Red Mountain golf chasing state title

From left: Evan Bryan, Sean Moore, Marcus Guzman, BEAR, coach Ryan Campos, Carter Wilkes, and Ului Fotu are all part of the Red Mountain golf program that aims to stay on track toward a potential championship this season.

It’s one of the few sports that practices and competes off-campus, with players donning collared shirts and a pair of shorts for a uniform.

Golf in high school is an extremely unique realm, but Arizona has become the perfect setting for teams like Red Mountain to flourish, no matter who is at the helm.

Opened in 1988, Red Mountain won its first golf state title only seven years into the school’s existence. The 1995 season was the beginning of the program’s impressive history, with a total of nine state championships as of this year.

The last time Red Mountain hoisted a banner for golf was in 2013, but the current players have not lost any appreciation for the program they are leading now. Senior Carter Wilkes knew since seventh grade that he wanted to be a Mountain Lion.

“I didn’t know anything about the golf thing, I just knew they were a really good program and that I wanted to be a part of it,” Wilkes said.

The man that sold Wilkes on joining the program was Frank Campos.

Since taking over the program in 2016, Campos had one goal in mind, to get to a point of competing for state championships every year. Otherwise known as consistency.

The three previous seasons, however, were led by three different coaches, which can cause a lot of ups and downs.

“When I came here, my expectation was to be here for the long haul, and hopefully create some stability in the program that we were lacking a few years before,” Campos said.

One difficult part of running a smooth program without many setbacks is the constant talent turnover.

With losing seniors every year, it forces a coach to put forth effort with the younger players just as much as he does with the starters.

“On every team, every personality is different, and everybody brings something else to the table that makes them unique,” Campos said.

One of the underclassmen who has received attention from his coach and teammates is sophomore Sean Moore.

He started playing golf just over a year ago, when the COVID-19 pandemic forced many families to find a new way to enjoy their time together outside – or, for the most part, inside – of the home. Golf has always been there for his family. But for him, it was something new.

“Golf has always been in the family, but I didn’t start picking it up until Covid started,” Moore said.

Less than two years in, Moore is already thinking about how golf can be a part of his future.

There are older students on the team currently searching for destinations to play at the next level, giving Moore an idea on how to pursue the same goal when he is in their shoes.

The Mountain Lions do not lack any veteran leadership, which is another strategy to combat the loss of athletes. Wilkes discussed what it is like to witness the difference between coming in as a freshman, to being a leader to the younger golfers.

“They love the game as much as I did, but they bring new aspects to it,” he said. “When I was a freshman, it was all about who could hit the longest drive. Now, we see Sean, and he’s all about that short game. Dude has the best short game I’ve ever seen.”

As a freshman grows in the program, encouragement from upperclassmen can prepare them to take over when the seniors move on to bigger things. Wilkes explained the tournament style, tee box location and playing within a team can be some of the biggest adjustments entering the high school game. He tries to show them what it takes.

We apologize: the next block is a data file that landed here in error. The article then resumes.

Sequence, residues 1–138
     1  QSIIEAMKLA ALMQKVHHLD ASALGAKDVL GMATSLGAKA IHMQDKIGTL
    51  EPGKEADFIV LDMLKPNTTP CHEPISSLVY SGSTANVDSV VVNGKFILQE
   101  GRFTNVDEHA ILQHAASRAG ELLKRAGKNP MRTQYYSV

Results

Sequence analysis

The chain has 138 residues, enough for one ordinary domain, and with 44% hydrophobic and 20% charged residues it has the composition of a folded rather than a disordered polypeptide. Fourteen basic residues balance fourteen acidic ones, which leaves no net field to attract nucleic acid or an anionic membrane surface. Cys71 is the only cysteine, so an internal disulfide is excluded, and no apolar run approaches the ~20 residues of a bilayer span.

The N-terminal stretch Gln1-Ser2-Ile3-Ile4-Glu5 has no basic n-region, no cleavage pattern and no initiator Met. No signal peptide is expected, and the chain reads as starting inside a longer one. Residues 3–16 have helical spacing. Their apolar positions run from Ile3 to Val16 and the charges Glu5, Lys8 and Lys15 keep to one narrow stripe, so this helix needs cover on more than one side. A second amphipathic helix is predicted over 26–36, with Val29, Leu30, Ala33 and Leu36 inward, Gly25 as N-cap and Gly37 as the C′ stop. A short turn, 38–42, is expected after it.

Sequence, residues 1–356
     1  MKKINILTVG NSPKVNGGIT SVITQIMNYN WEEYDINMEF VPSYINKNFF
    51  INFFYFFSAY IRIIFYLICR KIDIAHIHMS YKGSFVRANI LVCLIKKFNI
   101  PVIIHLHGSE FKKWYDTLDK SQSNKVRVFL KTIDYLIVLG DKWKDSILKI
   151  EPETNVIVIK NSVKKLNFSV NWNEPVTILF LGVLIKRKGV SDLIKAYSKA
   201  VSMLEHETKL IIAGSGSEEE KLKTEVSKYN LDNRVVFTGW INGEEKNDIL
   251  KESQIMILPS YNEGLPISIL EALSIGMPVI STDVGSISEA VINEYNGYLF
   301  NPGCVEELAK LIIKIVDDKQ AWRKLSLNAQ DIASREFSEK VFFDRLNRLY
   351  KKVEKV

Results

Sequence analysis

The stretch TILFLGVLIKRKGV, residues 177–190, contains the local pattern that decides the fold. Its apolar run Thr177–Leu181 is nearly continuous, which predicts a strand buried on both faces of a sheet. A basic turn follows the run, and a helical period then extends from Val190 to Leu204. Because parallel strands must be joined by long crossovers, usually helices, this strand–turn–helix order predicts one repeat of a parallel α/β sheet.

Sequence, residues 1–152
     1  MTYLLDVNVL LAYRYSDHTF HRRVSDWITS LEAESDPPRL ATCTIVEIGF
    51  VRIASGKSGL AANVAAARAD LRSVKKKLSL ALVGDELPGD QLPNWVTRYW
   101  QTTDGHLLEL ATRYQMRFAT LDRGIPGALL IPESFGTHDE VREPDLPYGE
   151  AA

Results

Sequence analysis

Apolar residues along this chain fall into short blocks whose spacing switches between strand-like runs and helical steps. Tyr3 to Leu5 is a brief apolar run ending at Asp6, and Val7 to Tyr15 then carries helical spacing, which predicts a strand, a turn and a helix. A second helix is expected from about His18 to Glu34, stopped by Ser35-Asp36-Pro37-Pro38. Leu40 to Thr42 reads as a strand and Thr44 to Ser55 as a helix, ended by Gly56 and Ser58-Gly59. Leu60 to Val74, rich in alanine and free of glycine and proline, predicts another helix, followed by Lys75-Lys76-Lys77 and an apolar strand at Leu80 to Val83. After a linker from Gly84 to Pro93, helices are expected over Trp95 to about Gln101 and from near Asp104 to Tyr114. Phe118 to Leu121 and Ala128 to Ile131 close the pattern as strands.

All golf-related activities being off-campus is a difficult reality for high school athletes, but it can also bring new opportunities that few will experience at that age. Such as out-of-state tournaments.

Red Mountain has participated in three tournaments outside of Arizona in the last four years. The global pandemic stopped high school sports almost entirely in the spring of 2020, but before that, they played in tournaments in Texas back-to-back years. This season, the team went to Florida.

The experience is second to none, as playing in different conditions is a big part of taking golf to the next level, and Campos wants to give them every opportunity.

“We have to show coaches everywhere that if one of our golfers gets to a big-time school they can adjust,” Campos said. “The weather conditions are just something we usually don’t have to deal with in Arizona, so giving the kids that chance is why we travel.”

Oddly enough, the journey home proved much more difficult than the tournament itself in Florida.

With a layover in Texas, the team’s connecting flight to Phoenix was canceled, along with thousands of other Southwest flights across the country.

The coaches wasted no time getting back for the next week of school, renting a 14-person van and trekking the final 14 hours home in one drive. Ending a quick, but stressful experience for the golfers and their parents.

“My mom just wanted to make sure I was going to be back for school on time,” Moore said. “It was a great bonding experience, though, all of us in a car together having a good time.”

The culture for the golf program this year is centered around motivating each other on and off the course. It’s paid off so far in impressive showings out of state, and they hope to keep that going when the state tournament rolls around on Nov. 3-4.

“The thing about our team this year is we got five guys that can play, and so if one isn’t having a great day, you’ve got four other dudes that got his back right there,” Wilkes said. “And that’s something we try to incorporate in practice, if one guy is gone, the rest need to step up.”

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